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Below are the most recent news stories about epilepsy from Epilepsy Research UK and from around the world. You can choose different categories from the side bar on the left (for details of grants made prior to 2012, please visit our research portfolio). You can also catch up with Epilepsy Research UK's fundraising and research news in our supporter newsletters.

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A closer look at ……..SYNAPTIC VESICLES

In order to conduct the millions of tasks the human brain completes every day, nerve cells must communicate with each other. Neighbouring cells are connected by junctions, which are called synapses. Chemical messengers, called neurotransmitters, must travel from one cell to another across a synapse in order to deliver a message. Before travelling across synapses, these chemical messengers are stored read more

The role of autoantibodies in epilepsy: Final Report

This is the final report for a project grant awarded in 2012 for £149,916 to Professor Bethan Lang, Professor Sarosh Irani, Dr Jane Adcock, Dr Holger Kramer, and Professor Arjune Sen at the University of Oxford.  The immune system normally protects a person from infections by making specialised agents called antibodies which normally recognise “foreign targets” and destroy them. Doctors utilise read more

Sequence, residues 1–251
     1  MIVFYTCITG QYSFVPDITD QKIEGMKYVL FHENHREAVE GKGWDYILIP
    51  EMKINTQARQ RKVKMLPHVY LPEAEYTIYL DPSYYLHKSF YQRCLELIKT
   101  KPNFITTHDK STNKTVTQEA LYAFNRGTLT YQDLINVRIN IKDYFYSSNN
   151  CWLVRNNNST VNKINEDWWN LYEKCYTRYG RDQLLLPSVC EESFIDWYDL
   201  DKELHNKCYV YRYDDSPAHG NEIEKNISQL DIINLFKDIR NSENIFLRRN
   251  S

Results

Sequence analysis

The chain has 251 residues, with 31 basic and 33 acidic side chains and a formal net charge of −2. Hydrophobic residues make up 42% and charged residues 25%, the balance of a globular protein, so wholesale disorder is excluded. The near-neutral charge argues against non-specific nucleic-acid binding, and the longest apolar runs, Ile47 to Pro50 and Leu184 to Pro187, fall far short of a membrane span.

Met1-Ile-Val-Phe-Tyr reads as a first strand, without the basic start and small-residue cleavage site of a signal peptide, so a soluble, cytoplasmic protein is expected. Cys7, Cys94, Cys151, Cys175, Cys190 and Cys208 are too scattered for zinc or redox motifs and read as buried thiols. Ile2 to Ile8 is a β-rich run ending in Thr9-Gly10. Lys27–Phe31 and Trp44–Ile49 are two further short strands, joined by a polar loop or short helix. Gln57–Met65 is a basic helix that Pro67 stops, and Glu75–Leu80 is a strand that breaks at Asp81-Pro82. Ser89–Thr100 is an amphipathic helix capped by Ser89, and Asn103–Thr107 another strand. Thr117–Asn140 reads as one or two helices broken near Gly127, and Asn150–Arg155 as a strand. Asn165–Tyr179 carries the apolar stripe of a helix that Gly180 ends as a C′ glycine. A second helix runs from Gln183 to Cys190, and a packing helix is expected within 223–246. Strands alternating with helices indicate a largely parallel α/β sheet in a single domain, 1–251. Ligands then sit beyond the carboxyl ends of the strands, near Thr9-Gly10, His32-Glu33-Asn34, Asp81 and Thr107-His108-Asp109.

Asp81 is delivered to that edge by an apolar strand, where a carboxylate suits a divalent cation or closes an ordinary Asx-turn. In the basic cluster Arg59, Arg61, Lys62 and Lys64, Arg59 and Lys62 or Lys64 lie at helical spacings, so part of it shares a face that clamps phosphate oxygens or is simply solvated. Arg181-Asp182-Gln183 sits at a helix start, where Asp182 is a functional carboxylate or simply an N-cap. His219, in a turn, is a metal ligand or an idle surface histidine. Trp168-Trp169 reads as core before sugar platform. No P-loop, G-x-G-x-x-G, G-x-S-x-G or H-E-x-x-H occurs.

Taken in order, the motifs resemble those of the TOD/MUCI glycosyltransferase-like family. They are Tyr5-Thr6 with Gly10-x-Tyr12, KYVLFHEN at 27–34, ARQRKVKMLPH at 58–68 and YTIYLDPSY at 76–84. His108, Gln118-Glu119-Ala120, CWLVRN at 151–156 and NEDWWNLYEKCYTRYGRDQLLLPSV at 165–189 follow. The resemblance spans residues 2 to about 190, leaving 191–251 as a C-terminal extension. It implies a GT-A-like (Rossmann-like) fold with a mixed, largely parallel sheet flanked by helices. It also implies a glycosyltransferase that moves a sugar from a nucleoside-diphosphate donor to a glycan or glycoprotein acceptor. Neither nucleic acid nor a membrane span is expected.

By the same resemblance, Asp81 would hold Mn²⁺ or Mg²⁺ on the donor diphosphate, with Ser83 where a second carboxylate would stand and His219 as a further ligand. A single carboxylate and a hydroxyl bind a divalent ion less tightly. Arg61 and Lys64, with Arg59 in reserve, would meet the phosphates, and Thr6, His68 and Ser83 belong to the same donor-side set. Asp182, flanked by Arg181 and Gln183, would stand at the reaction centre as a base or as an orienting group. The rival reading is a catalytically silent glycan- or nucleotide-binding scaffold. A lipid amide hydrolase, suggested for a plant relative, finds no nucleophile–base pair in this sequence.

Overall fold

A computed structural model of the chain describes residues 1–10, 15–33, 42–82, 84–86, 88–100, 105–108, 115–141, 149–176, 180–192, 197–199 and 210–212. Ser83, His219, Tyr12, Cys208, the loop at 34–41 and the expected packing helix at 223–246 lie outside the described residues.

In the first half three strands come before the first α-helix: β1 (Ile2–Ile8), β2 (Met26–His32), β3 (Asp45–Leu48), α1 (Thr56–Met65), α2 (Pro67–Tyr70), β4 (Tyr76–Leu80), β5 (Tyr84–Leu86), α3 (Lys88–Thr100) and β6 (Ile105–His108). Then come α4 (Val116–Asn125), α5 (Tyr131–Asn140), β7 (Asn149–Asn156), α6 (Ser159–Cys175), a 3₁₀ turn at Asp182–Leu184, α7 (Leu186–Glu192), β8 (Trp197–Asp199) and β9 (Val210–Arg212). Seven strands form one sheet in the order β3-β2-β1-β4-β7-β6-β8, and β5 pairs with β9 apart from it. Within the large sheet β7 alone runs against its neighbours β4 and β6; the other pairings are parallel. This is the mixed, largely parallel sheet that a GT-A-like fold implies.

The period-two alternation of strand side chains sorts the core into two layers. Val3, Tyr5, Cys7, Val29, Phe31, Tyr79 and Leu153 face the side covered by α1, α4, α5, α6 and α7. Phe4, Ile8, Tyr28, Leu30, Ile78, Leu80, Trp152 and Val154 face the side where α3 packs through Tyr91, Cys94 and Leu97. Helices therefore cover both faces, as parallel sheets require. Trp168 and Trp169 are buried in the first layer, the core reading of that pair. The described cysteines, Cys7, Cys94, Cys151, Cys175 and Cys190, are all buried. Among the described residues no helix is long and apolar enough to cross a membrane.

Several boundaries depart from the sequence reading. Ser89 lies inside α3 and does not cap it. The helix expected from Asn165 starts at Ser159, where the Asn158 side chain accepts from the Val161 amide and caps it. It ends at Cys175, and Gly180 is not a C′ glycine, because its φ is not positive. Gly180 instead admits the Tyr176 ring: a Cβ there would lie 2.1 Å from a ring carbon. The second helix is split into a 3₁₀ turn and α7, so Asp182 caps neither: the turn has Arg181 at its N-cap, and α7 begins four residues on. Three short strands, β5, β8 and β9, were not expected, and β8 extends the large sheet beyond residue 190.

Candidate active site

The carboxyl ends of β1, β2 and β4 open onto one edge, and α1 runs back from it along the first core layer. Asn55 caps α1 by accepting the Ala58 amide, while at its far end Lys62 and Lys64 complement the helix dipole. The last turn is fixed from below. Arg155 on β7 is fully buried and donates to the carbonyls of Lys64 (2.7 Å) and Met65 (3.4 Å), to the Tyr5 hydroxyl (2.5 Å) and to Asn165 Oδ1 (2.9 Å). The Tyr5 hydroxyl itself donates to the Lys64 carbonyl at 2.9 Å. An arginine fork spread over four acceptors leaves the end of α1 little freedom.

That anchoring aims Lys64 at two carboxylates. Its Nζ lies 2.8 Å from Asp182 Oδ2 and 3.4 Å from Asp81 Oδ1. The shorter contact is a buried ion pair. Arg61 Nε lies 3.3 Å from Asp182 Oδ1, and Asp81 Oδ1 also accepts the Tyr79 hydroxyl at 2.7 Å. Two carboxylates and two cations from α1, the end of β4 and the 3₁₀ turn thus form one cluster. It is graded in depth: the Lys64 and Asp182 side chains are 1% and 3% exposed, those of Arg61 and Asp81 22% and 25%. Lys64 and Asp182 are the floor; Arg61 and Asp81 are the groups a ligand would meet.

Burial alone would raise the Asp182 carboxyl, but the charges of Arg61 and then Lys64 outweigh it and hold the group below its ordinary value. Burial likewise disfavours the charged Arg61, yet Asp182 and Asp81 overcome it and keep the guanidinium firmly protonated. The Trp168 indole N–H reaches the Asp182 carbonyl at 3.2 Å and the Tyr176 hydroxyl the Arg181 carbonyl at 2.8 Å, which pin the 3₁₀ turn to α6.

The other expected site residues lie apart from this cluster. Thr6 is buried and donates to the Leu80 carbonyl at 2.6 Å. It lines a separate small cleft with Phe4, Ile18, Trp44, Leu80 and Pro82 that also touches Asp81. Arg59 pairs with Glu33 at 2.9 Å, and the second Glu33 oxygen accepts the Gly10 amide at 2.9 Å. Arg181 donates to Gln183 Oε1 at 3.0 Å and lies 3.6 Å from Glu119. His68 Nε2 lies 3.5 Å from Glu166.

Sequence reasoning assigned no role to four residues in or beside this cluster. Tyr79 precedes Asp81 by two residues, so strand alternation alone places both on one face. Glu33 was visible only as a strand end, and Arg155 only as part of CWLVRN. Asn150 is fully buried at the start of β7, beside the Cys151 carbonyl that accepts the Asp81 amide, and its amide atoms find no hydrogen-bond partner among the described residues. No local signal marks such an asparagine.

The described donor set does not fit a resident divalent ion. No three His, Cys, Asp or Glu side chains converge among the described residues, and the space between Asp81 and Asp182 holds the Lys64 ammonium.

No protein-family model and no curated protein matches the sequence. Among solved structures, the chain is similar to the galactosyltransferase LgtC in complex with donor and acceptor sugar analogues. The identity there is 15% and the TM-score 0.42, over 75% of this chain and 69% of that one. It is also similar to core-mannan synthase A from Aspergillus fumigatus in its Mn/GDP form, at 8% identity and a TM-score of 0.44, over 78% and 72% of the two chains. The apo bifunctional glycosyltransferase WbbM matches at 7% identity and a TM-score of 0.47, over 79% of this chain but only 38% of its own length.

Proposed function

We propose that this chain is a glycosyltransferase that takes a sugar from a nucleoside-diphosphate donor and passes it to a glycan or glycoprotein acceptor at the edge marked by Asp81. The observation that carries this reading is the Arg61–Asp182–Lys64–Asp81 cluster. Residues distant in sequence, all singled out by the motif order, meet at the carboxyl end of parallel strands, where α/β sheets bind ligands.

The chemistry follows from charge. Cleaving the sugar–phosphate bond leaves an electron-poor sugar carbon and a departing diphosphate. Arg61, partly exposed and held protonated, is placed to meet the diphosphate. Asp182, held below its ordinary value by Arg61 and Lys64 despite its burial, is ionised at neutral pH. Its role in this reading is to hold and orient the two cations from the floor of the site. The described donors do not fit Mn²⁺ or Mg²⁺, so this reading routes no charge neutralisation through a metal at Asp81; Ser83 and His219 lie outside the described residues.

What does the future of Epilepsy Research hold?

Dr Simon Keller at the University of Liverpool was awarded a £73,220 project grant in this year’s funding round.  We asked Dr Keller and his colleague Professor Tony Marson for their perspective on what the next ten years of epilepsy research hold. This is what they said: “It is difficult to know for sure how treatments for seizures will improve read more

Sleep apnoea and epilepsy: is there a relationship?

What is the relationship between epilepsy and sleep apnoea? In previous studies it has been shown that a greater number of people with epilepsy also experience sleep apnoea, than in the general population. Researchers from Rutgers University wanted to develop a screening tool to detect sleep apnoea in patients with epilepsy as it is known that sleep apnoea can increase read more